MyON, the Minneapolis-based developer behind a digital reading platform for students in grades preK-12, has been acquired by Francisco Partners, a private equity firm with offices in San Francisco and London. Terms of the deal, the first in the education sector for Francisco, were not disclosed.
MyON was previously a division of Capstone, which formed in 1990 as a print publisher serving schools and libraries. In 2011, the company launched myON as a digital service with roughly 1,000 digital titles on the platform.
Much of the momentum behind myON’s launch was spurred by the popularity of iPads, recalls Todd Brekhus, myON’s President, who joined Capstone in 2009 to expand its digital offerings. The product focused on simplifying how teachers and students could access and assign digital materials. One of the first challenges was to convince publishers to move away from the rental model, where only a limited number of digital titles could be “checked out” at any time.
The mission behind myON, says Brekhus, who began his education technology career as a teacher, is to “de-fragment the one-book-for-all model” for reading instruction. The team aimed to personalize students’ experience by letting them choose books based on their interests, and read at the appropriate Lexile level, a commonly used measure of content complexity.
Today myON boasts a library of more than 13,000 digital titles, of which roughly 7,000 are available through partnerships with other publishers. (Capstone provides the rest.) The team has since added notation and audio narration features, along with writing and assessment activities. Teachers can also assign reading materials and see reports on metrics such as how much students have read, or how well they performed on quizzes. (Here’s a quick run-through of the basic features.)
The team quickly grew its footprint too, today claiming 7.5 million students across 49 states and 20 countries. Brekhus adds that the company is cashflow positive. He estimates there are roughly 9,000 schools that are “active pilots or active subscribers.” The company sells school site licenses, through which students can read as many titles as they want, for anywhere between $5,000 to $7,000 per year, depending on school size.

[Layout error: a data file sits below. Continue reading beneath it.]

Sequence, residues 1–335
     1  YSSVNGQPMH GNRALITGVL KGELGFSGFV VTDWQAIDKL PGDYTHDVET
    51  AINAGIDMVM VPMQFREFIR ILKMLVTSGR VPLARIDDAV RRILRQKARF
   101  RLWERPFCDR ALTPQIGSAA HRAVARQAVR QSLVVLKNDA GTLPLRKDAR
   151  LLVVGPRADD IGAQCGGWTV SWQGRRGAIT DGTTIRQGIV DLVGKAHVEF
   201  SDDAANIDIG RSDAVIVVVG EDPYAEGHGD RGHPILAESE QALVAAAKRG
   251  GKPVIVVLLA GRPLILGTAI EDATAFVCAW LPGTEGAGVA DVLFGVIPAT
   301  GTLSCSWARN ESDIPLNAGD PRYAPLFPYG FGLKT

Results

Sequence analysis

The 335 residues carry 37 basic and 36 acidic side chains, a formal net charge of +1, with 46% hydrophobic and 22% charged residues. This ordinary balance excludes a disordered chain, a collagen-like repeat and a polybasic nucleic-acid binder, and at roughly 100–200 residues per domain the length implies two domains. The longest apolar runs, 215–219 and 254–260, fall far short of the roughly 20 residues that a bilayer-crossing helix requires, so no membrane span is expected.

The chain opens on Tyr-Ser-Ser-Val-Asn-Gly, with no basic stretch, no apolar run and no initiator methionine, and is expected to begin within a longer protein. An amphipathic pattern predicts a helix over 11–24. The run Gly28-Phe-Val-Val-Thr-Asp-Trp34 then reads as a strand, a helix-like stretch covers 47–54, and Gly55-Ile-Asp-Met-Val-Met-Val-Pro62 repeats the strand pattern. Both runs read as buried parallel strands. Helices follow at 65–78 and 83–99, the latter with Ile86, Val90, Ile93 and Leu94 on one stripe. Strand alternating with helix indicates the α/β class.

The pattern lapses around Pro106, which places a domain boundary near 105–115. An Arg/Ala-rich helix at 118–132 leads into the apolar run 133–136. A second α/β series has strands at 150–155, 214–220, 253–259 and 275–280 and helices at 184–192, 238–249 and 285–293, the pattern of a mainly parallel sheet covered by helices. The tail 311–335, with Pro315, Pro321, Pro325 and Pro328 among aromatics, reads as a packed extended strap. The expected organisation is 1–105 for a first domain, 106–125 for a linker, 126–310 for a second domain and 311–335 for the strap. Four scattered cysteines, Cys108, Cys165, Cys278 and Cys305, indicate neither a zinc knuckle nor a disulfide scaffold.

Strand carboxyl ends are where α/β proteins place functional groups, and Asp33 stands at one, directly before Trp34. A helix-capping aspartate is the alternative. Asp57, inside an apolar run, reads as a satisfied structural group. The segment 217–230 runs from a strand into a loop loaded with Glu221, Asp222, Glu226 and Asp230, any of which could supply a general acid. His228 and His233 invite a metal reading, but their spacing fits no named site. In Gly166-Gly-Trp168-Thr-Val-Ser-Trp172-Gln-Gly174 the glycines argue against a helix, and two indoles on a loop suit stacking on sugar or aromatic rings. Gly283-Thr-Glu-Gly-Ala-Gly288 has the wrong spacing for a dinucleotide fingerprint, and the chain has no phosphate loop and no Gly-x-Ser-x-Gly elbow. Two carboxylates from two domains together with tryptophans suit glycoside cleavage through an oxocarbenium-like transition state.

As myON grew, so too did conversations around its next growth phase. The team shared resources around finance, HR, operations and IT with its parent company Capstone but operated largely “like a garage startup within Capstone,” Brekhus tells EdSurge. Accelerating myON’s growth and development as a digital-first business would require resources beyond what Capstone could provide.
Last summer, Capstone started fielding offers for myON, shortly after the ASU+GSV Summit. He kept mum on the specifics but says there was an “equal amount of interest from private equity and strategic investors.” Francisco Partners will invest resources in myON, which includes growing the team beyond its staff of 85. (All on-site and remote employees are currently staying onboard, says Brekhus.)
“This sale allows Capstone to focus, to continue to innovate and to invest in the areas the business has always been most passionate about: creating rich content experiences, both print and digital,” Tom Ahern, Capstone CEO said in the prepared announcement.
These additional resources will help myON add updated assessment and reporting tools, along with additional content such as news. Also in the works are plans to grow its international footprint into Canada, Latin America, Southeast Asia and the Middle East. Another priority is to improve the mobile experience. (The platform is currently accessible on all major devices.)
Describing myON as a “part-assessment, part-curriculum, part-content” company, Brekhus acknowledges that the company competes with other supplemental literacy content providers, including not just Newsela and LightSail, but also traditional publishers and established companies such as Scholastic and Renaissance Learning (also owned by a private equity firm).
MyON’s deal marks the latest in a string of education technology acquisitions by private equity firms in recent years. PowerSchool, purchased by Vista Equity Partners from Pearson in 2015, has since snapped up nearly a dozen other smaller companies. Weld North, whose portfolio consists almost entirely of edtech companies, has also been active in pursuing mid-sized edtech companies, including Think Through Learning and Compass Learning last year.